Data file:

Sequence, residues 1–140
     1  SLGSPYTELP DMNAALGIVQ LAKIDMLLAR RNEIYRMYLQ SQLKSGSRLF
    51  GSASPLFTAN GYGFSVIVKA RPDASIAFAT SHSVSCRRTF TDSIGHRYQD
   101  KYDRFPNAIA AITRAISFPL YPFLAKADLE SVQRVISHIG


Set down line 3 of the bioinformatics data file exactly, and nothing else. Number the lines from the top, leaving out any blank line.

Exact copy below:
    51  GSASPLFTAN GYGFSVIVKA RPDASIAFAT SHSVSCRRTF TDSIGHRYQD